The Congress Chintan Shivir, presently in progress at Jaipur’s Birla auditorium, is a coronation of the heir apparent of the party, Rahul Gandhi, for all intents and purposes.

All the signs are in place. The Delhi-Jaipur highway is dotted with posters and banners put up by the Indian Youth Congress. Rahul Gandhi’s face is on all of them, smiling down at the passers-by.

The same arrangement is in place in the city of Jaipur, which has been spruced up for the purpose of presenting a good image before the representatives of the party in power assembling to brainstorm their way out of the morass the party finds itself in, a year before the 2014 general elections. However, civic officials say that the beautification process is routine, according to local media reports.

All around the venue, right next to the statue of Sawai Jai Singh, and close to the Central Park, hardly any other leader is on any of the posters or banners, except Prime Minister Manmohan Singh and Mrs Sonia Gandhi, who share the space with the Congress scion in a few.

Around half of the total delegates are from the Youth Congress and National Students’ Union of India — 160 out of approximately 350. This shows Rahul Gandhi’s clout, as earlier the percentage of youth delegates in similar conclaves was much lower. Rahul Gandhi has been working closely with these two organisations and he started the practice of internal elections to elect their members. This has been seen as an attempt to democratise them.

Before the announcement was made on Saturday evening that Rahul Gandhi would be made the party’s vice president the demand was growing that he should lead the party more obviously, and assume a definite role in the party organisation. His supporters wanted him to don a formal responsibility. Privately, when asked about it, senior leaders maintained that Rahul Gandhi was already Number 2 in the party, after UPA chairperson Sonia Gandhi, as his name figured at serial Number 2 in the list of leaders who helm the party’s newly configured Election Co-ordination Committee, but the subtlety was lost on the activists of the party. According to Raj Kumar Chauhan, 38, state co-ordinator of the party’s OBC cell, Rahul Gandhi “should assume the position of Secretary-General or Working President.” “He (Rahul Gandhi) should come forward. It will create an atmosphere of youthful enthusiasm. The youth will play a big role under the leadership of Rahul Gandhi,” he added, sipping tea at a road-side stall.

The maximum cheers were reserved for Rahul Gandhi when the names of the leaders present on the dais were read out. When party president Sonia Gandhi mentioned in her address that the Congress was conscious of the youth demographic being the new reality of the nation, people cheered again, but the Gandhi scion chose not to address the audience.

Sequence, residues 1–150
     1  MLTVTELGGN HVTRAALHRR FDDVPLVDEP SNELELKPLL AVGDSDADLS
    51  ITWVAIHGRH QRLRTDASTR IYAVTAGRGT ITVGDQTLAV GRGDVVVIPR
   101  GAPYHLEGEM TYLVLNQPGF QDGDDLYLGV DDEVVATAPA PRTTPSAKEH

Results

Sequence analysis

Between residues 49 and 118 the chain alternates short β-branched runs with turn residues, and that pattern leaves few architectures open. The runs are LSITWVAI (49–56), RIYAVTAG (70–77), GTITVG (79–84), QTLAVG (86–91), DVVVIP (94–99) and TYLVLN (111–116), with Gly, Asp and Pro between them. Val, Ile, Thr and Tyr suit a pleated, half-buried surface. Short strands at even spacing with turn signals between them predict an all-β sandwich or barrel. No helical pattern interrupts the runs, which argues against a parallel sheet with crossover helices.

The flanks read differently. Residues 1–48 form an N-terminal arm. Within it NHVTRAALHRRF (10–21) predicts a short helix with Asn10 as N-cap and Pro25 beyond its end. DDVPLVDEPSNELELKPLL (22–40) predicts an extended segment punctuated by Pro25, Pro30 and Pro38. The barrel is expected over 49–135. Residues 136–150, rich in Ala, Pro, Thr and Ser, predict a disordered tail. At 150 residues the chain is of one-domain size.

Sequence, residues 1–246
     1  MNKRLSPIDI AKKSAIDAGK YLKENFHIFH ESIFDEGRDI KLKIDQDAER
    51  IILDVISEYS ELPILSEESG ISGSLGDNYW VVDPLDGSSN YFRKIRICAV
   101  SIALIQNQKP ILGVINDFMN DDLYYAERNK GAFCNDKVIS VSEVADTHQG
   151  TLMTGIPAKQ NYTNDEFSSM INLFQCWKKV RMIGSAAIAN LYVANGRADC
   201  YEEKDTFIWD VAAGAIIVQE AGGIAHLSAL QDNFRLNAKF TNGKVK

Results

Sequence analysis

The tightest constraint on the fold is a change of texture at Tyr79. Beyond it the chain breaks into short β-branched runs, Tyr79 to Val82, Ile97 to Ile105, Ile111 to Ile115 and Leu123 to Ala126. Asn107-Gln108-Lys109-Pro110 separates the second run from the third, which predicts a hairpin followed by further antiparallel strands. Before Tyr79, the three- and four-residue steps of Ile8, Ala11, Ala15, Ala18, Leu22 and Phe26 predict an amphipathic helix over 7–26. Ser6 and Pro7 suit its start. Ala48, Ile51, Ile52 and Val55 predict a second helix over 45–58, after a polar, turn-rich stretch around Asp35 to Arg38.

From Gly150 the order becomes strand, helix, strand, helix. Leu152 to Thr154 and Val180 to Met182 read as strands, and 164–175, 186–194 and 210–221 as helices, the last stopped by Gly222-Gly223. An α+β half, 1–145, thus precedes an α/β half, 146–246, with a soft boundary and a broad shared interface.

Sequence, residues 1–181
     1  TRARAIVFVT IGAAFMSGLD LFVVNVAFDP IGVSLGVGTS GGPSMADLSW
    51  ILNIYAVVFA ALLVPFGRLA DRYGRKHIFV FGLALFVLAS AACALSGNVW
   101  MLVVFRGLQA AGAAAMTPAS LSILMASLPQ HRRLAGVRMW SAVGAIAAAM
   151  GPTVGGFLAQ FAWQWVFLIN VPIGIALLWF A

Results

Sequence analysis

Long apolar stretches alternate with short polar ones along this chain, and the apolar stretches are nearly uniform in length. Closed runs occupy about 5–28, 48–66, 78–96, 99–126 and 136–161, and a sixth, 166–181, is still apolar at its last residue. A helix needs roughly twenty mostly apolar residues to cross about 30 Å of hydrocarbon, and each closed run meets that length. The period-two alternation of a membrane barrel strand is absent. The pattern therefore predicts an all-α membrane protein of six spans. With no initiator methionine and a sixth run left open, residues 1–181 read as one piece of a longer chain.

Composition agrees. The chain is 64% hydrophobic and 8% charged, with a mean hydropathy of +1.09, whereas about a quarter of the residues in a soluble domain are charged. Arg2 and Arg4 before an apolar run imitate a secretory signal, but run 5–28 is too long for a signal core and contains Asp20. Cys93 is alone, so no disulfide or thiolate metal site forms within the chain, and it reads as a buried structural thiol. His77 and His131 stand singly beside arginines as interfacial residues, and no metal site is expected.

Others, like the elderly Harendra Singh Rathod, were more cautious when speaking of Rahul Gandhi assuming a formal responsibility. “If the Congress Working Committee feels so, he should get it. A balance should be struck between youth and experience,” said Rathod, one of the 125 members of the Congress Seva Dal, taking care of the minutiae of the entire exercise.

The Seva Dal members are ubiquitous, in their all-white uniforms and Gandhi topi, spread out all over the venue. Some help the journalists navigate their way inside the impressive media centre with 40 computers for journalists to file their copies. Others man the entries and exits inside the auditorium.

“We also prevent our workers from gate-crashing the venue,” said Narendra Goud, spokesperson of the Seva Dal volunteers. Their duties include helping AICC leaders find their way in the city and adjusting in the accommodations provided by the party. While 25 volunteers came down from Delhi to help, the rest all belong to Rajasthan.

Others, like an Aligarh based Muslim group and a caste-based organisation were also planning to gate-crash the venue to protest certain actions or lack of them on part of the state government, which belongs to the Congress, headed by Chief Minister Ashok Gehlot.

However, the police made sure that no one who was not authorised could come anywhere close to the venue by barricading all the roads that led to it. While a senior police officer refused to divulge the exact number of police personnel deployed, he stated: “We do not anticipate any trouble.”

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